Photo: Adobe Stock
Our 2020 hot-list of some of South Africa’s most popular music and arts festivals and why they should be added to the agenda. And fast.
Photo: Adobe Stock
To match the rich diversity we’re renowned for, South Africa has done us proud yet again and has us covered for another year’s worth of seriously great music and arts festivals.
Reflecting this same diversity by showcasing various music genres and styles, honouring our great outdoors wherever possible, and spanning the corners of our beloved country — there’s no denying there’s something on offer for all of us.
From a burning celebration in the desert to cultural exhibits in the city, all you have to worry about is securing your tickets and making sure your “festival gear game” is strong.
Where: Val Bonne Country Estate, Modderfontein, Johannesburg
When: Saturday, 14 March
A party and a picnic all in one… With an international artist line-up, as well as supporting local acts, there’s no better way to kick-start the weekend with a beautiful backdrop, adding to a long list of ticks.
Where: Oudtshoorn, Western Cape
When: 23 to 29 March
This vibrant Afrikaans festival originally started as an alternative to its “English version”, the National Arts Festival in Makhanda (formerly Grahamstown), and proudly showcased its 25th anniversary in 2019. With hundreds of shows on offer over the week — art, dance, music, and theatre celebrations, you won’t want to miss out.
Where: Cape Town
When: 27 to 28 March
The Cape Town International Jazz Festival has been a highlight on the country’s entertainment calendar for the past two decades. This two-day showstopper event, which boasts being the largest music event in sub-Saharan Africa, spans five stages and welcomes thousands of supporters each year.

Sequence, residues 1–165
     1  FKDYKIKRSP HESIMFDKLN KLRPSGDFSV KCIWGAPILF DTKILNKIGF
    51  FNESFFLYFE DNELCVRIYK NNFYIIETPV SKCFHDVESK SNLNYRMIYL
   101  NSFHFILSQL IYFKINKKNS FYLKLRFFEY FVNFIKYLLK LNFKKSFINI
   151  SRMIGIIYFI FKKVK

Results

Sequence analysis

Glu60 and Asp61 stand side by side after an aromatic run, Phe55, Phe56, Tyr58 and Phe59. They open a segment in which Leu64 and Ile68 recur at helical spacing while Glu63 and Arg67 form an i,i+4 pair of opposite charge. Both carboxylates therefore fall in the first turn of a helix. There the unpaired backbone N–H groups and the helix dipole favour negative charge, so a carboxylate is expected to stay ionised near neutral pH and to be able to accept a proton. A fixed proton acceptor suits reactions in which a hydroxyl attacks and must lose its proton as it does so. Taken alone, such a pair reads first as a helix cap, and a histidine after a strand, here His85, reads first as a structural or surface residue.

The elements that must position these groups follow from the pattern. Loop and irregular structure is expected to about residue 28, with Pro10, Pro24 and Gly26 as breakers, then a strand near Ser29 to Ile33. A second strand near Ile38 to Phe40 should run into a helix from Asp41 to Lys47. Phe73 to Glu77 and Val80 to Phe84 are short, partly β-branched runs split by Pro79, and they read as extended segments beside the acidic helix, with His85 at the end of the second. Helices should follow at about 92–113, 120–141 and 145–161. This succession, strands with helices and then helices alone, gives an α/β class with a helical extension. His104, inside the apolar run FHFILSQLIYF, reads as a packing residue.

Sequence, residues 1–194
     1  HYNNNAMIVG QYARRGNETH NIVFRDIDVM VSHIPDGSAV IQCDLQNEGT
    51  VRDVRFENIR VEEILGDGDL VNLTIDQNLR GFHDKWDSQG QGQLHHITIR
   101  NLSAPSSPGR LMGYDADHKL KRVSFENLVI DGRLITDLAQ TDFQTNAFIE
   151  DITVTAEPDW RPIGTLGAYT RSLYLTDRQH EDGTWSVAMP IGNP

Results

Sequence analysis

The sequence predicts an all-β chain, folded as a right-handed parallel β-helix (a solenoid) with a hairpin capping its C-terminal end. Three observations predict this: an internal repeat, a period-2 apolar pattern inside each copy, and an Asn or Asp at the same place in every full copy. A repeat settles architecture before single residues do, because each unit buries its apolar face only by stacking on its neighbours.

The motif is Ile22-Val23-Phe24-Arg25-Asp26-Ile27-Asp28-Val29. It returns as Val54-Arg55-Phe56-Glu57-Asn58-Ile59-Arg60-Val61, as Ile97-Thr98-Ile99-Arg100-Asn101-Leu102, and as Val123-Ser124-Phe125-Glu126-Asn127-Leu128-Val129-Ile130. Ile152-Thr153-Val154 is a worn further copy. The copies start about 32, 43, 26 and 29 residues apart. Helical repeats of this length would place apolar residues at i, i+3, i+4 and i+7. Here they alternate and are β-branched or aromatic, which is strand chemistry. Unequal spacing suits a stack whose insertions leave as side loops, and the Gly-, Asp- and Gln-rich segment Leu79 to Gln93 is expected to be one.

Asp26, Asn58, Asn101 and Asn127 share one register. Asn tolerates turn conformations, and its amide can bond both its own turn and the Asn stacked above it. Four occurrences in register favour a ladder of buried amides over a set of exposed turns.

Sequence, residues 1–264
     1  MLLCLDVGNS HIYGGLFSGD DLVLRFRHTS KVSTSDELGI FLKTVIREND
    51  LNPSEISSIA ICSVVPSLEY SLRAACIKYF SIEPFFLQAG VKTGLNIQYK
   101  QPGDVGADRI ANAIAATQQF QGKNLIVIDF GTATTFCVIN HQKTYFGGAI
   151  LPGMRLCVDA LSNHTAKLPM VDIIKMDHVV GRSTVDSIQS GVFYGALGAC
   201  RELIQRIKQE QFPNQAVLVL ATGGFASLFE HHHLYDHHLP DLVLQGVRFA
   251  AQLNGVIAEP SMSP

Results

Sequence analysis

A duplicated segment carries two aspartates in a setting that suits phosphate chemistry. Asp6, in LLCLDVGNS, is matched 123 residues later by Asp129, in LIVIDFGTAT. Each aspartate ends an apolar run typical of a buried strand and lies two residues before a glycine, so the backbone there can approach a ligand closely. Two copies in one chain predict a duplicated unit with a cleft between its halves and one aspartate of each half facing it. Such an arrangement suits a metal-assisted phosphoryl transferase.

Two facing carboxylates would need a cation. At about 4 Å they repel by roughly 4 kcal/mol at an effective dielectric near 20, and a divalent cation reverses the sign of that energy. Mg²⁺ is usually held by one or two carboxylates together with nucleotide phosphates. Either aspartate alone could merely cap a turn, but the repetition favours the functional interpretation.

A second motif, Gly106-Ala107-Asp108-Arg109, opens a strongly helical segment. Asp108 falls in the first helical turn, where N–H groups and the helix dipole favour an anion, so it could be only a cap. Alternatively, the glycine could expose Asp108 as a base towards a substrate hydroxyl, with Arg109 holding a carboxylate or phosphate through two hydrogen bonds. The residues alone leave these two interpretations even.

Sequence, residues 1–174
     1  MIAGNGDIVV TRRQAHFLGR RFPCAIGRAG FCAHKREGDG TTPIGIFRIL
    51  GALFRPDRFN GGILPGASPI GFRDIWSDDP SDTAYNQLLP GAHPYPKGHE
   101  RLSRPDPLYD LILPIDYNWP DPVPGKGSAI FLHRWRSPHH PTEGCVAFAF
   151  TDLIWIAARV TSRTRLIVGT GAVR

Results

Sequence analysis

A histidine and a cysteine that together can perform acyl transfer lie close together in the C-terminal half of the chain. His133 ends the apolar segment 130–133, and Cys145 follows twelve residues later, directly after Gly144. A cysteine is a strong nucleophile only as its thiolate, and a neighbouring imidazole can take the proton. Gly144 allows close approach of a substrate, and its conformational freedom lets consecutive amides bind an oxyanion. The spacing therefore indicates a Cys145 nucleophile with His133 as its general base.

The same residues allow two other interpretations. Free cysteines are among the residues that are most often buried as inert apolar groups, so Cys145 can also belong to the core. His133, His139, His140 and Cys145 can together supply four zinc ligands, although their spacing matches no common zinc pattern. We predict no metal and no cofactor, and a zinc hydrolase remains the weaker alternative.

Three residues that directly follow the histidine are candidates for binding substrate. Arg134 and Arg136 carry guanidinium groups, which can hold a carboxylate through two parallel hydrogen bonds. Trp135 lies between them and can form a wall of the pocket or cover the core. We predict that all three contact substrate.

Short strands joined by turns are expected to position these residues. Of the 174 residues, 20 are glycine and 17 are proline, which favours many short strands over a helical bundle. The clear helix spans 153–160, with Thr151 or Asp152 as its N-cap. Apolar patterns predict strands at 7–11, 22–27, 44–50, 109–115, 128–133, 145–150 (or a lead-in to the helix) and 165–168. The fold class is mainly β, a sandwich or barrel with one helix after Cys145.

Where: The Drakensberg
When: 9 to 13 April
Ahhhhh, we love good old Splashy Fen…not only because its located in our awe-inspiring and World Heritage Site of the Drakensberg and is dubbed “SA’s friendliest festival”, but also because it’s the country’s longest-running festival.
Splashy Fen celebrates pretty much everything associated with goodness in South Africa: The people, our arts, local music and backdrops to boot!
Where: Tankwa Karoo National Park
When: 27 April to 3 May
AfrikaBurn is undoubtedly one for the top of the bucket list, a smaller version of the United States’ Burning Man, this community-based event is a creative showcase of all it hosts.
Thousands gather once a year in the Tankwa Karoo National Park to create a shared city of art, themed camps, costume, performance and of course, music.
Where: Malkerns Valley, eSwatini
When: 29 to 31 May
MTN Bushfire Festival in Swaziland may not be in South Africa, but it’s just too good not to mention. Hosted in Africa’s tiny kingdom and just a four-hour drive from Johannesburg, this is one for the 2020 road trip map.
Bringing together music and arts from all over to the continent’s smallest country – we’re confident we can find an excuse to plan a weekend adventure.
Where: Makhanda (formerly Grahamstown), Eastern Cape
When: 25 June to 5 July
This annual event is the biggest and probably the best-known arts festival in South Africa. Hosted for longer than a week and spread over an incredible 90 venues in Makhanda, it’s really no small feat. Whatever your interest, everything — from art, music, theatre, dance, lectures, and workshops — it’s all on offer and in abundance here.
Where: Soweto, Johannesburg
When: 14 to 16 June (2020 dates TBA)
This inspired four-day event is hosted at the Soweto Theatre and is extra special this year as it celebrates what would have been Nelson Mandela’s 100th birthday. This music and arts festival is dedicated to Johannesburg and its beautiful people. So, Jozi, if it shows you love, best you return the favour and support.
Where: Cape Town
When: 2 to 4 October
There’s a reason why this is the darling of the Cape Town festival scene. A weekend celebrating our incredible local talent, along with some big international headliners – this festival welcomes all and has a green focus: Each year the organisers explore every avenue to make this the most carbon-neutral event possible.